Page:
My Dark Secret

Despite my many assurances that my house is now, on the whole, decluttered (and it is), and despite my assertions that I do not buy 'stuff' any more (and I don't), I have a terrible dark secret. A shed, which looks like this.

And this.

Oh, and over here as well.

When we built it, we had fond ideas of lining it and turning it into a summer house, opening onto the pool. Or using it as a home gym. Or at the very least, storing all the bikes and other gear that is now stuffed awkwardly under the house, making it a half day exercise merely to get to the bikes to go for a simple bike ride with the children. But we can do none of those things because I only sort-of decluttered the house, and the things I couldn't bear to get rid of outright sort of migrated to the shed, and then magically turned into the world's most giant clutter-bomb. And now, several years later, steps must be taken. We have ...ummm, maybe neglected to invite the council to sign off on our shed building project. In order to do that, The Man actually has to finish it, and to finish it, we have to take everything out of it so he can get to the walls.

So every day this week I have hauled myself up there and sighed, and pulled out a box, sighed, opened it, and wondered listlessly what possessed me to put all these unrelated items in a box anyway, sat for a while, gazing into middle distance, waiting for divine inspiration. Then I walk down to the house with a few items, find them a home, put them in the bin, recycle them, or put them in the op-shop bag. Then I trudge back up to the shed, sigh etc etc. This is possibly the most inefficient way to declutter that has ever been invented, but it works for me, because you know how organization manuals always tell you to have a box for rubbish, and a box for this, and a pile for that? Well, if I do that I end up with a bunch of boxes and piles that I just shove in the corner when someone interrupts me (and they always do). So when I return later or the next day I am faced with all the same clutter, rearranged into different piles. Madness. So by reducing the pile item by item, the clutter actually goes away permanently. And I get to do lots of exercise and talk to the cat.

And amongst all the junk family heirlooms, I found the perfect birthday present for my brother (Doug, if you are reading this, I bet you are thrilled. A present from the shed. I know, you should be so lucky). So, happy days. And Posy, who 'helps' in all life's inconvenient moments, found all the dress-ups that I have been hiding for two years, and modeled them all, and then, oh heaven help us, she found the chemistry set. So this afternoon we did 'experiments', and I had to watch her like a hawk.

'Look Mummy, if I pour the sodium carbonate into the methyl orange it looks like fake blood. I could take that for News at school. What if I pour both of these into the copper sulph.... oooh, look it's fizzing over the top...' I'm just relieved she hasn't worked out what the bunsen burner is for yet.

Tomorrow, The Boy is going to bolt together the wooden shelves that are piled, deconstructed in the corner. They once held all our homeschooling supplies down in the house, but now I am spurred on by visions of our pared down possessions in neatly labelled crates on wooden shelves. Maybe there will be wall stencils with uplifting mottoes...yes, yes I have been on pinterest too long...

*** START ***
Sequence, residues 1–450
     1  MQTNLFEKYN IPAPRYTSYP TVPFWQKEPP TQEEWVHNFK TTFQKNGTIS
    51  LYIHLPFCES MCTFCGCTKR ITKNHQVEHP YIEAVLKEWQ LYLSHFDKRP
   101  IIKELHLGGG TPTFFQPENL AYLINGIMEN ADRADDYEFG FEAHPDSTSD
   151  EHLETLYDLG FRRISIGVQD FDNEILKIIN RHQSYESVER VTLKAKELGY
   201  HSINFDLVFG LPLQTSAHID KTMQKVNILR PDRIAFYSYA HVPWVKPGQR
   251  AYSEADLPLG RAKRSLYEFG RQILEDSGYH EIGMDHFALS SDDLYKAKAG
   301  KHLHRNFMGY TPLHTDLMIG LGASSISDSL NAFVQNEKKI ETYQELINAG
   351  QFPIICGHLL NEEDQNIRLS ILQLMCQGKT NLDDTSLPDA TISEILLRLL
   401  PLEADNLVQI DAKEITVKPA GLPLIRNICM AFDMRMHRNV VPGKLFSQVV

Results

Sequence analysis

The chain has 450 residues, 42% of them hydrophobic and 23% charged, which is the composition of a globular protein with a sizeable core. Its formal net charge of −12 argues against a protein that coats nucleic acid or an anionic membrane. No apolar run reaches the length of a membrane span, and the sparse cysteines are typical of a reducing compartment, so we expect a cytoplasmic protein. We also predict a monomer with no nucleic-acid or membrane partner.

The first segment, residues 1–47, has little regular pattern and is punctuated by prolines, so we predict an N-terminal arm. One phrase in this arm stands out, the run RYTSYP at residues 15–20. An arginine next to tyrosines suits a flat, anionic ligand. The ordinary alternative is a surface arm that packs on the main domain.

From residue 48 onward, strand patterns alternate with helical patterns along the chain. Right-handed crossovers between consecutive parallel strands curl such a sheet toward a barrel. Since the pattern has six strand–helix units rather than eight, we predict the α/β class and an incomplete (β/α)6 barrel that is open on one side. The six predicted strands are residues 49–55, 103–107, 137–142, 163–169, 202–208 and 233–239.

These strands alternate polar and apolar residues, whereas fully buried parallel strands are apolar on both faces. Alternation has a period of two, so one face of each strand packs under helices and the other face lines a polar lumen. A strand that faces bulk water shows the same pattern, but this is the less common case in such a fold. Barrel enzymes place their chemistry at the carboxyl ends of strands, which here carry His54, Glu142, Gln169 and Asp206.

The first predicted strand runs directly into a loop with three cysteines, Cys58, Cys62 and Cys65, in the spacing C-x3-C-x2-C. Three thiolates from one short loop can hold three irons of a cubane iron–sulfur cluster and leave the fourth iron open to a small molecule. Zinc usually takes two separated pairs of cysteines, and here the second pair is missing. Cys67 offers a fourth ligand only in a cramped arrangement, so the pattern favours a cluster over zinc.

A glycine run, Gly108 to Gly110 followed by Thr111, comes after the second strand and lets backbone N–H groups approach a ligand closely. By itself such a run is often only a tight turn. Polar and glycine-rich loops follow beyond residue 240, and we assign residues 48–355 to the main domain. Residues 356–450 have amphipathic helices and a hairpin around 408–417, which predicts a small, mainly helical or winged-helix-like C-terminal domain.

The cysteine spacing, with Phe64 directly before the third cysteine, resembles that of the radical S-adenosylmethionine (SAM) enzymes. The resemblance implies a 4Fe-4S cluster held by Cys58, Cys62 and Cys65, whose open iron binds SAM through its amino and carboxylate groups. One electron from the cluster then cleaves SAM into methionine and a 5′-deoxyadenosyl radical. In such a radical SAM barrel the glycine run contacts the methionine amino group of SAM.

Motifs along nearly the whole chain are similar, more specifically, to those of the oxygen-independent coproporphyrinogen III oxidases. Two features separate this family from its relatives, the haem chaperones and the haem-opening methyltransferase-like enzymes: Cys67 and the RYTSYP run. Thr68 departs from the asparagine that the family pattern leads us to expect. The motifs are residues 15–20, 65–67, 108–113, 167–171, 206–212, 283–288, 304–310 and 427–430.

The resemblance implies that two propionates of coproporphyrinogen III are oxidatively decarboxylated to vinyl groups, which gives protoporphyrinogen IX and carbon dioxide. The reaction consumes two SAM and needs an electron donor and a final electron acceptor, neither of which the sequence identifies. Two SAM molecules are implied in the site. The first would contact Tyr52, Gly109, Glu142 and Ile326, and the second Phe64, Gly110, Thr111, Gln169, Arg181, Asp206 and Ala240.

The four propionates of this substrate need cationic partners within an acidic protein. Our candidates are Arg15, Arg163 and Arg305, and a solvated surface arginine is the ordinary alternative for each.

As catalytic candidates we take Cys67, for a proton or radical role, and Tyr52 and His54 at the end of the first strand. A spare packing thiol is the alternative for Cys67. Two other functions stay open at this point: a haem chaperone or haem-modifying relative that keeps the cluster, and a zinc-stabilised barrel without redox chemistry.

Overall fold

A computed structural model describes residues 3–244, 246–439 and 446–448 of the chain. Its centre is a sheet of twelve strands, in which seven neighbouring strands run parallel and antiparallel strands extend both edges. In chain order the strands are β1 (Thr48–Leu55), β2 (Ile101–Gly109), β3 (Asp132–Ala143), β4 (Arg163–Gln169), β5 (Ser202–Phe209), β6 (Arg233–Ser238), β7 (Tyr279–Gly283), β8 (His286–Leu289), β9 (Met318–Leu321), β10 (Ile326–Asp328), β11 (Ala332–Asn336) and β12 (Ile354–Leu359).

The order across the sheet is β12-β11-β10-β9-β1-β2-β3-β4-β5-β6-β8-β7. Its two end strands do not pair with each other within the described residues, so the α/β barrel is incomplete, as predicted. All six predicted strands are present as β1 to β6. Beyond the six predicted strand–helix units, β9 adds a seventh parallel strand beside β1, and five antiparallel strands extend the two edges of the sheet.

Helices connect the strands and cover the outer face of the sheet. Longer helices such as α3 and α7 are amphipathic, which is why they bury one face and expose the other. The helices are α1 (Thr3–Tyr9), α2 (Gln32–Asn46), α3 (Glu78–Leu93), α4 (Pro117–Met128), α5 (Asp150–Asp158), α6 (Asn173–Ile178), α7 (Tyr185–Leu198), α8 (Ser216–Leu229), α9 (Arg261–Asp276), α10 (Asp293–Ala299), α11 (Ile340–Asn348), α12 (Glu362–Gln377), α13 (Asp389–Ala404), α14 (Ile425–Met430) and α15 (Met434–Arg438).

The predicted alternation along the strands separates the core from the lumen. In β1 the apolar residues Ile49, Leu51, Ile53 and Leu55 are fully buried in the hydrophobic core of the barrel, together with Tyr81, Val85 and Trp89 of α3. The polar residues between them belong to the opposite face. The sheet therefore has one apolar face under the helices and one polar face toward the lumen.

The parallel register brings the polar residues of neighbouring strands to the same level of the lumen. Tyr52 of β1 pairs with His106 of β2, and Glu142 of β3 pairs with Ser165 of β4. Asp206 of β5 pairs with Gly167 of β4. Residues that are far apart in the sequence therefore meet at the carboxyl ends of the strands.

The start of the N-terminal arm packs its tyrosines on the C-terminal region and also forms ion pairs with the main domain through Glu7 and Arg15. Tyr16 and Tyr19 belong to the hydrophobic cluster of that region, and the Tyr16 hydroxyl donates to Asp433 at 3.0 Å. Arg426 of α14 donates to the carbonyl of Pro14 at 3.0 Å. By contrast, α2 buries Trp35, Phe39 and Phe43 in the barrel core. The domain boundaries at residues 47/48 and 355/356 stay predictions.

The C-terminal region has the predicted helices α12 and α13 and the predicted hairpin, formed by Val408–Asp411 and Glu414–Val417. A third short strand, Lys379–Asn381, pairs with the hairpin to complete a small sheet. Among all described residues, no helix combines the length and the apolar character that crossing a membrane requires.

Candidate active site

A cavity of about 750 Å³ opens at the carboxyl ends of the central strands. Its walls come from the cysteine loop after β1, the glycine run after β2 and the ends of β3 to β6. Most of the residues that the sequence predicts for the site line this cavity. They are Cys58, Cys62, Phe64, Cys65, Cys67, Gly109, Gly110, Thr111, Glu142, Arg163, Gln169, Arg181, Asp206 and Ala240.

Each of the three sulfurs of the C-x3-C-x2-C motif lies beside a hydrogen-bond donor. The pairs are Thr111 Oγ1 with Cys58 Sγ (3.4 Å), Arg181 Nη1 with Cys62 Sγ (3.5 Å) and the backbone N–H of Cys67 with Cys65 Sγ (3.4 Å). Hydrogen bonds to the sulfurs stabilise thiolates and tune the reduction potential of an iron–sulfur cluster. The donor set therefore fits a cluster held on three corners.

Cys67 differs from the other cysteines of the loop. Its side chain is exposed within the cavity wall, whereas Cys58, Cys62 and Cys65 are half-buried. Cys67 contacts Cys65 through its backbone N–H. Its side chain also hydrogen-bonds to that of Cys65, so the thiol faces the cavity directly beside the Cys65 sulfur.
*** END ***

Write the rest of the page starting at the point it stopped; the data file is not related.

I rather like the look of the wicker baskets. Could you not line them with pretty fabric, fill with treats (posh teas, coffees, biscuits or nice smellies) and give away as presents? Other people's clutter always looks better than my own!!
Jo said…
Well, yes Mrs Frantic, I COULD, but what if I NEED them? You see I haven't quite got those hoarding instincts under control yet...
Anonymous said…
Ahhh! The old denial!

Are you keeping the stuff because it may be useful one day, like the chemistry set? Think what that is costing you? A beautiful summer house.

Or because there's items you treasure in there? Well, then as Peter Walsh says, if you treasure them you'll treat them well and have them on display!

Or can you just not face dealing with all the stuff? The go slow and steady.

See I've read all the books on organising and decluttering. I prefer reading about it to doing it! Lol. I've almost read enough to get a PhD. Except all the books are cluttering up my study. Along with a a lifetime of photos, never used crafting material, boxes of god knows what, 6 years of tax papers. Yeah, we all have a room to hide our secrets.
Your shed makes me feel the tiniest bit better about my attic. Nonetheless, I share your pain.

I have a brother named Doug. I find fewer and fewer people do. "Doug," a nice name that seems to have gone out of fashion, and an especially nice name for a brother.

I say you ship all the stuff in the shed to him. You can send it to my Doug if you like. Problem solved!

Jen's Busy Days said…
I do think you are right, Jo, on the deal with it now, sighing and all, than to just have deal with "sorted boxes" later. And the kids always seem to find stuff in the "to donate" or the "to throw away" boxes and bring it all out again! So very depressing! I think you have it right. Do it once, do it "right" and keep the cat happy too.

Best wishes
Jen in NSW
Jo said…
Lucinda, I'm sure you're right, it is denial, see you could get that PhD, we won't peek into your study, we promise.
Frances, all the best sisters have a brother called Doug, and Jen, you always hit the nail on the head; the important thing is to keep the cat happy. And it is very happy, having been extensively chatted to - I'm almost there! If only it would stop raining now..
i sympathise! but as i get older i get more allergic to the junk i used to think was valuable, and get quite ruthless. especially over my summer holidays! i can be quite obsessive about it. i can scare myself with my ruthlessness.

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